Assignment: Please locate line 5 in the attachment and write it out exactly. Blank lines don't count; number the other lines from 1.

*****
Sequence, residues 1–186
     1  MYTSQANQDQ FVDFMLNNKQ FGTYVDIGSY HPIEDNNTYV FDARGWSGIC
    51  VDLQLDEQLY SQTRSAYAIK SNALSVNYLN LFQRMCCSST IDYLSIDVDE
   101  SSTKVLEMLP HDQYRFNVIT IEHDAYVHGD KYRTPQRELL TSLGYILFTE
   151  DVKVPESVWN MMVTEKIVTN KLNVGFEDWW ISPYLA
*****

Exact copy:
   151  DVKVPESVWN MMVTEKIVTN KLNVGFEDWW ISPYLA